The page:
I think what Pearl would have to say at this point is something like this.  Of course any doctrine that any person or group holds is subject to moral critique – no matter how deeply held or essential to the group’s identity it is.  However, when the belief in question is of this special identity-constituting sort, then before we allow it to be subject to dispassionate and respectful debate, we first must ascertain both that the criticism is not coming from a place of ethnic/religious/racial hatred and that there is at least a prima facie case that it is unjust, one that any reasonable person can see.  These two conditions are intimately related of course.  As Pearl and other Zionists often argue, the case against Zionism is so obviously silly, unreasonable, whatever, that the only explanation for anyone’s taking the criticisms seriously is that they have a bad case of Jew-hatred.

To this I have two replies.  First, notice that now the role Zionism is playing in grounding Jewish identity is no longer relevant.  All that matters is whether anti-Zionists are so unreasonable in their arguments that you are forced to attribute anti-Semitism to them to explain their behavior.  The whole issue of Zionist identity is just a red herring.  But more important, how can anyone look at the history of the Zionist project and think that characterizing it as a settler-colonial enterprise that stole another people’s land out from under them, expelling the vast majority in the process, is downright silly or unreasonable? Notice that for my point to stand it’s not necessary that I establish the truth of this claim about Zionism (though I think it’s in fact fairly easily established).  The only standard I have to meet is that there is enough evidence in its favor that holding it isn’t silly or unreasonable. Again, even if, after subtle and informed argument, it’s proven wrong, that doesn’t change the situation.  So long as a reasonable, morally sensitive person could see the situation that way, then we must allow their arguments onto the public stage.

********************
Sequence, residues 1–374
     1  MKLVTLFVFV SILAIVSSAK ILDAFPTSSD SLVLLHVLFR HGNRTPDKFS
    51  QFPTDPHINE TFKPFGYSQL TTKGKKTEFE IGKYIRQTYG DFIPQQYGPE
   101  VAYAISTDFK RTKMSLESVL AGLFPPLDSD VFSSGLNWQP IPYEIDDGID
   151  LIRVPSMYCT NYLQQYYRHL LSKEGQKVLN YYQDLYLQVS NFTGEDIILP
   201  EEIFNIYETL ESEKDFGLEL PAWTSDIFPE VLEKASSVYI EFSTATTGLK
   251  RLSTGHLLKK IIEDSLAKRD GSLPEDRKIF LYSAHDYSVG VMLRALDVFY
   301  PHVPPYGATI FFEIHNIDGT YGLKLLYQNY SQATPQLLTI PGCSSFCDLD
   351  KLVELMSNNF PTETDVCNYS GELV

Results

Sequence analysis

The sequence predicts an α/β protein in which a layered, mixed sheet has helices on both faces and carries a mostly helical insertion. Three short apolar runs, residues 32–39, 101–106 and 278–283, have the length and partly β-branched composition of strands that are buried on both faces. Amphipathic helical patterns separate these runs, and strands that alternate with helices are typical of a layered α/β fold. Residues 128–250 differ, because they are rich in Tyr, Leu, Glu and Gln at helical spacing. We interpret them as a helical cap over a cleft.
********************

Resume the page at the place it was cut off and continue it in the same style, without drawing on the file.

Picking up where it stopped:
Pearl’s detour through identity politics doesn’t change anything.  The point is that once an identity claim threatens to conflict with the rights of others, as anti-Zionists claim it does in this case, it can no longer provide safety from criticism. So show that there’s no anti-Zionist case at all, or shut up about the anti-Semitism (or “Zionophobia”, Pearl’s suggested neologism).  But, again, actually confronting the anti-Zionist’s arguments is the last thing Pearl and fellow Zionists want.


Joseph Levine is Professor of Philosophy at UMass Amherst, member of the Academic Council of JVP, and member of Western Mass chapter of JVP.

Comments (2)

  • Richard Hayward says:

    Actually, the issue doesn’t need lengthy examination. As said, the conflation of ‘Jewish Identity’ and ‘Zionism’ falls apart under even the most simple scrutiny, since many who consider themselves as Jewish do not identify with Zionism as being essential to that identity.

    Demolition complete.

    Now … about Palestinian identity …?

  • Philip Ward says:

    Joseph Levine makes some good arguments, particularly the Catch 22 one, but I’m not sure whether the analogy with white supremacism works. The reason is that Judea Pearl’s position seems to be worse than Joseph admits, as the “reasoning” outlined here indicates that Pearl thinks that those Jews who are not Zionists are not actually Jews. How else can you interpret the idea that “Zionism is an essential component of Jewish identity”? I don’t think white supremacists would argue that those white people who are not racist bigots are not white, as they hope to recruit more white people to their ranks. The analogy only works if you reject Judea’s “identity” aspect of Jewishness and go wholesale for the claim that you only become a Jew once you embrace Zionism, which is what he is actually saying. Well, thanks for that.